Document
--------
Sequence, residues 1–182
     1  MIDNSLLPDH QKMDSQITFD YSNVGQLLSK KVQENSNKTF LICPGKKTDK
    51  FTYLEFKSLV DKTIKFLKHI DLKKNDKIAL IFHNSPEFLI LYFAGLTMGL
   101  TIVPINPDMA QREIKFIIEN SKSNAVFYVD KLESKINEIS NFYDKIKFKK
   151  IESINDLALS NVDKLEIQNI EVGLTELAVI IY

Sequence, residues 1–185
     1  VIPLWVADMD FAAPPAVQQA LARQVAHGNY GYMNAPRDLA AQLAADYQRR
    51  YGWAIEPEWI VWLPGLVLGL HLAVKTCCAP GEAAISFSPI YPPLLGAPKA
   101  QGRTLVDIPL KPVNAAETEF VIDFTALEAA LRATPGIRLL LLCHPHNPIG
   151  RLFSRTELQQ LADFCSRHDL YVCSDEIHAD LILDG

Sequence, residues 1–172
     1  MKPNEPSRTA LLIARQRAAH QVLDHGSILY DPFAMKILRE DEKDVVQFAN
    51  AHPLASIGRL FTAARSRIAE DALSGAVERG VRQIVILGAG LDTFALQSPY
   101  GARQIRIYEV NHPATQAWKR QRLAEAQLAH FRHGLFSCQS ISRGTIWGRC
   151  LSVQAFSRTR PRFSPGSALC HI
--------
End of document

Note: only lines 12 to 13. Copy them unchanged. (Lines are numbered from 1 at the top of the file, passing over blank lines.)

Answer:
     1  MKPNEPSRTA LLIARQRAAH QVLDHGSILY DPFAMKILRE DEKDVVQFAN
    51  AHPLASIGRL FTAARSRIAE DALSGAVERG VRQIVILGAG LDTFALQSPY